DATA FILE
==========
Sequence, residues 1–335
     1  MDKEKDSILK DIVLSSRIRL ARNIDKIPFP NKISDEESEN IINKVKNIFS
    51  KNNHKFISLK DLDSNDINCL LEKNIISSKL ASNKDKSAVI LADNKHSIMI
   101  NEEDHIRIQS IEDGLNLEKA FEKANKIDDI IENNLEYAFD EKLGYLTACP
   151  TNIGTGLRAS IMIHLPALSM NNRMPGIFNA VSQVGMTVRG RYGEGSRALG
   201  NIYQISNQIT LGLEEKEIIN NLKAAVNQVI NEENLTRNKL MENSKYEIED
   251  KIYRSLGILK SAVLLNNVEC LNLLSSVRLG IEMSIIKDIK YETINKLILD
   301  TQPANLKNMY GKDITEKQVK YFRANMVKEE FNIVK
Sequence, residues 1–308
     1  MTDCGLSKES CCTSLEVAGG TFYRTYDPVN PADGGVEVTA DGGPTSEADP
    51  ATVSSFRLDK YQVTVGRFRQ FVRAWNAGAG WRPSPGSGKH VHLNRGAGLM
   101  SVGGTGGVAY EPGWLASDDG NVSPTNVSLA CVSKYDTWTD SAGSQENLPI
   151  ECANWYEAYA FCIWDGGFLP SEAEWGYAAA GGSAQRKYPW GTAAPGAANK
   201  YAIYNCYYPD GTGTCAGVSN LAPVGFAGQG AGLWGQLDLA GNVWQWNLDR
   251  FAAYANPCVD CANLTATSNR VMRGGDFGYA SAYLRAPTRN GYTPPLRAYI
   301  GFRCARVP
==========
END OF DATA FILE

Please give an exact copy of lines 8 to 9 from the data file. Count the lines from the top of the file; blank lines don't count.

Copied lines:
   301  TQPANLKNMY GKDITEKQVK YFRANMVKEE FNIVK
Sequence, residues 1–308